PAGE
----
Unfortunately, many masonic authors are doing the worst possible disservice to the craft and to history, this being a perfect example. The collectective gibberish of Mr. Mann is simply a disgrace; full of personal wishful thinking, of make-believe, of sensational argumentation, it leaves a bitter taste in my mouth that such rubbish has found its way to print. Applying the formula used by others (Lincoln, Baigent et al), together with the need to acquire a bit of heritage, Mr. Mann embarks on an self-embarassing journey that has nothing to do with the Knights Templars. No doubt there is merit in the theory that the Knights had landed on the shores of North America, however to apply sacred geometry in the manner described by Mr Mann stretches the patience of informed historians with sufficient cultural and intellectual depth.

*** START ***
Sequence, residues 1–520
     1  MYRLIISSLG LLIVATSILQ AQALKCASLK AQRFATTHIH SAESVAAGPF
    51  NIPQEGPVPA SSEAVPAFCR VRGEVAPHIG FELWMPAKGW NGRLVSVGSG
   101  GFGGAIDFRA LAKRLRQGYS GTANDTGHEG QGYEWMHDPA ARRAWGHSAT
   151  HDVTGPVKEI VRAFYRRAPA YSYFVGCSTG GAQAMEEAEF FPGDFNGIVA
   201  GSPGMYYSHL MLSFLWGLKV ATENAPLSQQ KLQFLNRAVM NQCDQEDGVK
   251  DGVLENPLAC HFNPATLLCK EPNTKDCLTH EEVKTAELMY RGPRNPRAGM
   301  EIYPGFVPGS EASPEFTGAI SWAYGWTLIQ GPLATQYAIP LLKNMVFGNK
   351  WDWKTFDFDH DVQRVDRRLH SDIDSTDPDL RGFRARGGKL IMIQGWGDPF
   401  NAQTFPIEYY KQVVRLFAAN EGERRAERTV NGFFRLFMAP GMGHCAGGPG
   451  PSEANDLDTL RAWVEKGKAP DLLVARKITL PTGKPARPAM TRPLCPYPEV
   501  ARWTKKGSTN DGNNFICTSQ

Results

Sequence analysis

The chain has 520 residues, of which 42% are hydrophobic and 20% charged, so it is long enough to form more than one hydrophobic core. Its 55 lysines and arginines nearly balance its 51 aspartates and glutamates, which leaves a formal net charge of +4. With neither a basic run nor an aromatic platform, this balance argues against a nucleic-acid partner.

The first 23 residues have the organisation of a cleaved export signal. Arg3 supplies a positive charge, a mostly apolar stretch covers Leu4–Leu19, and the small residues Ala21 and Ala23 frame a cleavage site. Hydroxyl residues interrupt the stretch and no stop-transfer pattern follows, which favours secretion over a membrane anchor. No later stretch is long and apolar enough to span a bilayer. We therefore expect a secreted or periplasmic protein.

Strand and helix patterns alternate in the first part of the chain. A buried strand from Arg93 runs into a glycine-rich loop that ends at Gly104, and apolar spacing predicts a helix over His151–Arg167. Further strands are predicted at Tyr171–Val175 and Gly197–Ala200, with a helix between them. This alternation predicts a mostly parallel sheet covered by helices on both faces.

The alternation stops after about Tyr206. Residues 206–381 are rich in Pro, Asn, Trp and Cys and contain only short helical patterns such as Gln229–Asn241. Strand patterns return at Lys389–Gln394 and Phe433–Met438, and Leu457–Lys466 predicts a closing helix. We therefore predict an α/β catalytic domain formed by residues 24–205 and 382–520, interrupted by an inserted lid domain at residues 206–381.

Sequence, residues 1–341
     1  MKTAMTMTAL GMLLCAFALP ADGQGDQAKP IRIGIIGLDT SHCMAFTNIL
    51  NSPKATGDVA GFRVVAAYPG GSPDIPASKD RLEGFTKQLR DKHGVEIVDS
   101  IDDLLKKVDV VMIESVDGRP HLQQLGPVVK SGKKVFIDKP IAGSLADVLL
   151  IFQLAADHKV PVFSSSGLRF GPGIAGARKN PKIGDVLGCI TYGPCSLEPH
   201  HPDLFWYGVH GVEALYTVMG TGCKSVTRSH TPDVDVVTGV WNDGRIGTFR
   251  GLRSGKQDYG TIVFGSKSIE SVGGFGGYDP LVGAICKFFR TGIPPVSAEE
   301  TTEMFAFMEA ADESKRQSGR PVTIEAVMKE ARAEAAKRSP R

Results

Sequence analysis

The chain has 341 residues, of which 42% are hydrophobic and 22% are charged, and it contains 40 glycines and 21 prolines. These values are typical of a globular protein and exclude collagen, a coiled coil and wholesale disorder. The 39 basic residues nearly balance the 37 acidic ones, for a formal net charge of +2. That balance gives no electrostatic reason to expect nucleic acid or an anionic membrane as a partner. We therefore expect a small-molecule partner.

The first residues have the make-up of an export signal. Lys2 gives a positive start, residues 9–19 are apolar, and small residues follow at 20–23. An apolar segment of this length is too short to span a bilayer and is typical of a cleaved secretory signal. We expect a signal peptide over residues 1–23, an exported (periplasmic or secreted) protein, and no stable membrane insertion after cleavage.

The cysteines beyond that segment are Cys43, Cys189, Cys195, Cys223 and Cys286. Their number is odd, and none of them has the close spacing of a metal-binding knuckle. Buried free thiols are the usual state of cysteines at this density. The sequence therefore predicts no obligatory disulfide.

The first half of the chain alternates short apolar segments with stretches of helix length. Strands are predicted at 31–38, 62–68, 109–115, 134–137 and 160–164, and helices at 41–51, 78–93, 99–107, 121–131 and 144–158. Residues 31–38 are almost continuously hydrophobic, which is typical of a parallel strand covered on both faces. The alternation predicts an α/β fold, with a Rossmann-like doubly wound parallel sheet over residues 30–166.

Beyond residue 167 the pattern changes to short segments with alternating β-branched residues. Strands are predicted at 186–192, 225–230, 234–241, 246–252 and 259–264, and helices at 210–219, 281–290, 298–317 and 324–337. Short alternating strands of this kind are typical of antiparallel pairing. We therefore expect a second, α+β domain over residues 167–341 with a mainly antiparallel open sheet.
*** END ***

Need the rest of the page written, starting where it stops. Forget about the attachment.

The deragatory manner with which Mr. Mann (on page 12) refers to an eminent authority like Mr. Laurence Gardner, just shows that he neither has the depth nor the intellectual maturity to make a worthwhile contribution to the Knights Templars, to the craft and to history.